The housing 12 of the second embodiment is moulded with a pre-formed radius of curvature of approximately 45 mm to make it easier to fit to a small neonate's head.
The housing 12 has a flap portion 16 extending from a first end of the housing 12. The flap portion 16 is attached to the main body 36 of the housing 12 by a hinge 18. The flap portion 16 is closable over the emitter means 2 and secures the optical fibre cable 26 which transmits light to the emitter means 2. The flap portion 16 has securement means in the form of a male portion 20 extending from the flap portion 16 with a corresponding female portion 22 on the main body 36 of the housing 12.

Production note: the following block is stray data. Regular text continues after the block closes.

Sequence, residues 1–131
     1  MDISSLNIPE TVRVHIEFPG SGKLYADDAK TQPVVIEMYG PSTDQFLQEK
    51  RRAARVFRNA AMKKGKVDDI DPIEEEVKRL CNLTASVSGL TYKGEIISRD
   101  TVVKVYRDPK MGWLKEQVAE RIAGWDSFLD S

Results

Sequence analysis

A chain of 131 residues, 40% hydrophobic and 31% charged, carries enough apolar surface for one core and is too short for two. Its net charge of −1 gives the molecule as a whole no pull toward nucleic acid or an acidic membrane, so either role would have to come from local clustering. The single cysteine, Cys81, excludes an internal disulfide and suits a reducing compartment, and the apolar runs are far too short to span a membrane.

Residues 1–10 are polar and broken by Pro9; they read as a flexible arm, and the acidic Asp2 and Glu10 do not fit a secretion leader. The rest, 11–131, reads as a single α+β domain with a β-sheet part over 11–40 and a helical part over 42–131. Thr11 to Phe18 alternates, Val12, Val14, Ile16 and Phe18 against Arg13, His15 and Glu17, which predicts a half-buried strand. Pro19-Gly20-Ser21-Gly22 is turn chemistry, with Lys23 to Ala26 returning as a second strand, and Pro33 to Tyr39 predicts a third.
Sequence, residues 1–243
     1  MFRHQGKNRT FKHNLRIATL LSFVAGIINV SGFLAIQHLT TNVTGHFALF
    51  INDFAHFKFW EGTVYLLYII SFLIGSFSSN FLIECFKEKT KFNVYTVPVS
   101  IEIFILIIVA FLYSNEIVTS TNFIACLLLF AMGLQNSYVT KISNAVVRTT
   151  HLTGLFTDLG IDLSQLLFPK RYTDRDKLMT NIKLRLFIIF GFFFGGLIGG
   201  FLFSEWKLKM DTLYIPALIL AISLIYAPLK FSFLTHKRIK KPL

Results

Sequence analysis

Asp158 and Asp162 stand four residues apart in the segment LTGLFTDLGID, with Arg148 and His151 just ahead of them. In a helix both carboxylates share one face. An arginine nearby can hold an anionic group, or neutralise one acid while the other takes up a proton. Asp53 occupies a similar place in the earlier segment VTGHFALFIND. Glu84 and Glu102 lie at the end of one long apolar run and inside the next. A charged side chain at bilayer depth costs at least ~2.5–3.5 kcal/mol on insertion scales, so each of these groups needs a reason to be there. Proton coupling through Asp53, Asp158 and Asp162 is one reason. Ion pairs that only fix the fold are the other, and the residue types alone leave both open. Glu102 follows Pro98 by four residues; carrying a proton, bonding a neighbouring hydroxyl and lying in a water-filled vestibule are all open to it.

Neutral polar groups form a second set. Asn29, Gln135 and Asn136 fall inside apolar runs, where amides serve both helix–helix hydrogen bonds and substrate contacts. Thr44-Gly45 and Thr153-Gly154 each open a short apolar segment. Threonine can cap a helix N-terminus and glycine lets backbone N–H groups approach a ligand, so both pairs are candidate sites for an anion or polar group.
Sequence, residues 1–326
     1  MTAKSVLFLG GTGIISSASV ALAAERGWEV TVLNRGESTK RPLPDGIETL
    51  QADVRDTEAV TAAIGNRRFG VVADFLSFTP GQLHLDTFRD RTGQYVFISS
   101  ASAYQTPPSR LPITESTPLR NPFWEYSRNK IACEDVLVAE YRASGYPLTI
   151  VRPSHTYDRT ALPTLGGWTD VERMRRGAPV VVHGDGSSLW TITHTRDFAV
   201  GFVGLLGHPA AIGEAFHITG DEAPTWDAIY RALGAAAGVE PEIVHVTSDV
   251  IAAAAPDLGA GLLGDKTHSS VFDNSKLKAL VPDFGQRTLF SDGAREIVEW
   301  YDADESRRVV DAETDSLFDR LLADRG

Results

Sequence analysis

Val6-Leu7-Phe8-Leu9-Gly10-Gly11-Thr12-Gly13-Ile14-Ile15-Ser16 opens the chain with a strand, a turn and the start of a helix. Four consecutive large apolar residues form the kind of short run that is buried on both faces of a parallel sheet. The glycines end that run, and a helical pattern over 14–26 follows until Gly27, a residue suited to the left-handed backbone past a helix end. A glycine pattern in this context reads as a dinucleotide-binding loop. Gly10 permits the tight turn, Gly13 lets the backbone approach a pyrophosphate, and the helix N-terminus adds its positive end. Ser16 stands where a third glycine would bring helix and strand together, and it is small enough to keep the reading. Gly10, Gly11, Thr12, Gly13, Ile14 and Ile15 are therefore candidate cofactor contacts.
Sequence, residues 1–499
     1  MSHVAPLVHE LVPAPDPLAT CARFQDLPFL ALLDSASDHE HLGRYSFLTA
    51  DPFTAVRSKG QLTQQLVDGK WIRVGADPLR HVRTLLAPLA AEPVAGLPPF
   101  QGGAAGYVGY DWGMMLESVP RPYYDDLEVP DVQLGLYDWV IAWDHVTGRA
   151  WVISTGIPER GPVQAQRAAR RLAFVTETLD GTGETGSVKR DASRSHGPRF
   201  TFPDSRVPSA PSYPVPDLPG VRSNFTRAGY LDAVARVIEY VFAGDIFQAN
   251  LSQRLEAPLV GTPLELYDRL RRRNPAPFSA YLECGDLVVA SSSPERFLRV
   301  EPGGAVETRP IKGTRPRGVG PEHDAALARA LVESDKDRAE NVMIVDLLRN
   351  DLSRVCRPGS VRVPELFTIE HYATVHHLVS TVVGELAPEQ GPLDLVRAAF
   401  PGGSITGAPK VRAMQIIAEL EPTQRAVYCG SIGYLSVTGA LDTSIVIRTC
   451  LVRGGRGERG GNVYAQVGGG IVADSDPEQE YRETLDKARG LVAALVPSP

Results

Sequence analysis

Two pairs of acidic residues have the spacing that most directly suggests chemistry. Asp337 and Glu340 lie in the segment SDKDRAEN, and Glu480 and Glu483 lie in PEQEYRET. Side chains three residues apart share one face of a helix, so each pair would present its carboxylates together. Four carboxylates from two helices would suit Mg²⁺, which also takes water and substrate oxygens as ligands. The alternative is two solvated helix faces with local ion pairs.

The housing 12 is formed of a flexible conformal material which maintains the form of the surface to which it is applied and which is suitable for prolonged skin contact. The material is resistant to chemical degradation so that the sensor housing 12 can be cleaned by an approved method before use. The housing 12 is moulded as one piece with material removed from recessed areas to increase the flexibility of the housing 12. The material is silicone or a similar biocompatible elastomer. The housing 12 is pigmented black and is strongly absorbing to visible and near infrared radiation.